On the agenda for Sept. 8
Bill 08-0193 Valet Parking: Would recast the city’s laws regarding valet parking, require valet parking operators to be licensed, establish standards of operation for valet parking.
The Read: This 28-page bill is longer than last year’s valet-parking ordinance by three pages. Last year’s effort was introduced by Mayor Sheila Dixon in September and withdrawn in late October before its public hearing. Valet parking–and the behavior of the parking attendants, and the traffic generated by restaurants offering valets–has for several years been an issue for the residents of Little Italy. The new bill seeks to establish strict regulations for valet-parking operations, spelling out everything from hours of operation to number of valets required. The changes in the new bill appear subtle. Consider section 14-5(3):
(3) THE EXECUTIVE DIRECTOR, IN HIS OR HER DISCRETION, MAY APPROVE A
VALET PARKING PLAN SUBMITTED BY THE OPERATOR THAT ALLOWS THE USE OF
PUBLIC RIGHTS-OF-WAY FOR PARKING.
(3) WITH THE APPROVAL OF THE DIRECTOR OF TRANSPORTATION, THE EXECUTIVE
DIRECTOR MAY APPROVE A VALET PARKING PLAN SUBMITTED BY THE OPERATOR
THAT ALLOWS THE USE OF PUBLIC RIGHTS-OF-WAY FOR PARKING, SUBJECT TO THE
ISSUANCE OF PERMITS OTHERWISE REQUIRED FOR THE USE OF PUBLIC RIGHTS-OF WAY.
Bill 08-0194 Parking for Disabled Person and Helpers – Temporary Disabilities: This would allow people who are temporarily disabled to establish temporary handicapped-only parking spaces near their homes.
The read: First District Councilman James Kraft, who sponsored the bill, acknowledges the shortage of parking in neighborhoods throughout the city. “It’s hard for people to give up spaces on a permanent basis,” he says. “But people who have knee-replacement surgery and other kinds of surgery, who need to park close to their homes, need a temporary solution. This would allow them to apply for and get a three-month or a six-month pass, and the neighbors will realize that it’s not forever.”
Bill 08-0179 Parking Tax – Tax Rate: this would increase the tax people pay to park downtown in a garage or lot from 12 to 15.5 percent, and eliminate the current flat tax of $15 per month for monthly parkers. The increased collections will go to a new free shuttle-bus system.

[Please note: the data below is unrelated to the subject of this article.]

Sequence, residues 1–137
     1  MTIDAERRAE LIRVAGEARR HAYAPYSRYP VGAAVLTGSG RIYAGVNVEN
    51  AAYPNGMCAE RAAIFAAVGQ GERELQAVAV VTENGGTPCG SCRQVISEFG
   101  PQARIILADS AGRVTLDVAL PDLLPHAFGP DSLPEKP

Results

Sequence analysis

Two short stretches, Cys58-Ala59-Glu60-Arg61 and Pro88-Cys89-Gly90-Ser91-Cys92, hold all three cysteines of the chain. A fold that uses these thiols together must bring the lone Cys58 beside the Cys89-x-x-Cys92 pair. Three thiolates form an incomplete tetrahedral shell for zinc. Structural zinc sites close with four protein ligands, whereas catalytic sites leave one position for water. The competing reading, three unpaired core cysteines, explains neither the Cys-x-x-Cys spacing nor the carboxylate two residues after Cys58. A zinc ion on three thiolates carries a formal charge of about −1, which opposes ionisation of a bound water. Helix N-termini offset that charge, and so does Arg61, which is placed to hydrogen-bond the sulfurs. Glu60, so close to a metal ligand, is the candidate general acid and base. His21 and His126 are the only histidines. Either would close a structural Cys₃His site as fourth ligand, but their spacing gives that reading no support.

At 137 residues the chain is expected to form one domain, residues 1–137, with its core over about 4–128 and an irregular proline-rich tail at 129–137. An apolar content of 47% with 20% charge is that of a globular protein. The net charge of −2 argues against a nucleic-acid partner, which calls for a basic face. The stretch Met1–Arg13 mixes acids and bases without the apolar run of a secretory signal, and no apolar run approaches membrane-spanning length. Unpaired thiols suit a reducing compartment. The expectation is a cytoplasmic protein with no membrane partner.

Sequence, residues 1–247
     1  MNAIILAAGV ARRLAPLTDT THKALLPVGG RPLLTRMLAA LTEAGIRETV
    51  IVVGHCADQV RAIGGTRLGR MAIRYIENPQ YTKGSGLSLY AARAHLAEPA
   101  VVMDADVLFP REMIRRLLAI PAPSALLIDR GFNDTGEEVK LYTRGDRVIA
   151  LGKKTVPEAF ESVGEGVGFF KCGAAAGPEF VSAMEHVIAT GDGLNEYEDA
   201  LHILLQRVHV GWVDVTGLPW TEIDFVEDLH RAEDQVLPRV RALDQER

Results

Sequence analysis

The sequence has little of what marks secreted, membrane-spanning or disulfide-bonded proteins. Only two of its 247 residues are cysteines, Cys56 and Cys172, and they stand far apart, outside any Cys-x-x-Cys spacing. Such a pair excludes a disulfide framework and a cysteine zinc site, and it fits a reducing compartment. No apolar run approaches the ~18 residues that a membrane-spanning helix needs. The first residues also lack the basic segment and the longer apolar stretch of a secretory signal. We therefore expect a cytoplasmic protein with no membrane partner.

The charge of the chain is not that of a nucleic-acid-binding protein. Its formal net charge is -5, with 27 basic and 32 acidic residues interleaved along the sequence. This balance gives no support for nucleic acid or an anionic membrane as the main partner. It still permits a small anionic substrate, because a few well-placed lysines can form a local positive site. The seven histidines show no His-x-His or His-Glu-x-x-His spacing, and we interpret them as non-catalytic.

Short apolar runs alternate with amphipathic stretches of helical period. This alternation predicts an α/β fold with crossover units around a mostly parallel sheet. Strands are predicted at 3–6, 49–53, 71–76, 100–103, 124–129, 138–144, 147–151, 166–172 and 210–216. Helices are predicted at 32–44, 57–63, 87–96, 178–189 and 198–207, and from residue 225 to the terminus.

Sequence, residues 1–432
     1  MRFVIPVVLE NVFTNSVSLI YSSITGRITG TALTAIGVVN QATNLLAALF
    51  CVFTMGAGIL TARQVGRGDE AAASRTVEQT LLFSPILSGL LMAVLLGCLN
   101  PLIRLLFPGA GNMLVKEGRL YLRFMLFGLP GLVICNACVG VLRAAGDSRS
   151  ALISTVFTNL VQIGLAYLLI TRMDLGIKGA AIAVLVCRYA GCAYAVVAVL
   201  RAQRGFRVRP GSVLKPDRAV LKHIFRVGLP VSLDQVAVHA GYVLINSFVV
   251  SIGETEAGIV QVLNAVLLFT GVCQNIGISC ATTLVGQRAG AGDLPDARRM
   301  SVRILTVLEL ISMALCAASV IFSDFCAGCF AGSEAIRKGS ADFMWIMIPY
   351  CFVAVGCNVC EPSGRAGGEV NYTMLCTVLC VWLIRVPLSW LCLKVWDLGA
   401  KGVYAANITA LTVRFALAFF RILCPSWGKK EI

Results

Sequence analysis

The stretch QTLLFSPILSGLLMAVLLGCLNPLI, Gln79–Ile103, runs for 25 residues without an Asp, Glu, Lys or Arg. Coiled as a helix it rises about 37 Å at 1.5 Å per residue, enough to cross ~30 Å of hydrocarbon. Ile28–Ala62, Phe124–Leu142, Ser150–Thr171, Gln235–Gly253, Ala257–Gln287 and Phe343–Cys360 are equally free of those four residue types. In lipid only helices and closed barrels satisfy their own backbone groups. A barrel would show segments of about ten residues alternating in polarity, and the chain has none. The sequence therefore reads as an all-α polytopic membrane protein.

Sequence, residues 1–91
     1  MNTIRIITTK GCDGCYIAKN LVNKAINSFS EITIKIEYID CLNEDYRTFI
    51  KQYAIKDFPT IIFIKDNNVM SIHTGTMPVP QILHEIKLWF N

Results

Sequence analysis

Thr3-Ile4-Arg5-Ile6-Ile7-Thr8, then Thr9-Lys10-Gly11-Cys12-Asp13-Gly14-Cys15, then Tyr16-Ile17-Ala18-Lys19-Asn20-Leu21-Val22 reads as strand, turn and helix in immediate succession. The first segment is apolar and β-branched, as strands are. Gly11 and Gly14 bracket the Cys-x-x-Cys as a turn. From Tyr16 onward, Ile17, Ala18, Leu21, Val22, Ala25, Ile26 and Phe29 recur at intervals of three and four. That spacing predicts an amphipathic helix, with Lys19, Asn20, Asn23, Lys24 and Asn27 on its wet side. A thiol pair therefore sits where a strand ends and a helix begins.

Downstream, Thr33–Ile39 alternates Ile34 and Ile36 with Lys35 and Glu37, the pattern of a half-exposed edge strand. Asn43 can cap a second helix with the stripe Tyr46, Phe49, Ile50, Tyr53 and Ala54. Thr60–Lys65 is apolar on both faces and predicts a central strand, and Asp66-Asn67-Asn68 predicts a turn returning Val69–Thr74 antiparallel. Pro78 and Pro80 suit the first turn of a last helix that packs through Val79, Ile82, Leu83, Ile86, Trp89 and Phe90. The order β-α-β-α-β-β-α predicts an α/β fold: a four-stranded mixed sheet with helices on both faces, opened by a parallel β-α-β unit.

The read: “We want to re-institute a shuttle system in downtown Baltimore,” says 8th District Councilwoman Helen Holton. The proposed shuttle’s routs have not yet been fixed, but she says it will extend beyond downtown. “It will be a free service, a free service, so the money from the parking tax will be solely dedicated to the shuttle.” She says the tax increase will generate about $5 million per year to run the shuttles. The tax also will “eliminate the two-tier parking system that we have in place,” in which monthly parkers pay $15 and daily or hourly parkers pay 12.5 percent.
Bill 08-0195 Property Tax Credits – Newly Constructed Buildings: This would stretch out the deadline for people who buy new or renovated houses to apply for a tax break that could save them thousands per year, and let some who have already missed the deadline to reapply for the break.
The read: Jim Kraft (1st District) says a lot of his constituents never learn about the tax break until long after the 90-day deadline. “And so they come down and apply and the Finance Department says ‘tough luck.’ These are the people that we’re trying to get in [the city] to grow our tax base.” Under the bill, a person who’d bought a place since July of 2007 would be able to apply for up to a year after the passage of the bill. It will “help people who were harmed through no effort of their own,” Kraft says.
Resolution 08-0062R Informational Hearing – Baltimore City Public School System – Anonymous Call Hotline: The resolution invites Baltimore Public Schools Superintendent Andres Alonzo, the school police, and the Mayor’s Office of Information Technology to brief the council on the feasibility of a school-violence tips hotline.
The Read: Violence and threats in the public schools are still an issue, despite what the resolution describes as progress and a better working relationship between school officials, school police, and transportation officials. Council President Stephanie Rawlings-Blake says the proposed hotline would be “fully integrated into the 311 system,” so students, parents, teachers and others can report direct threats “so the most troubled students can get the help they need.”
Next City Council Meeting: Sept 15 at 5 p.m.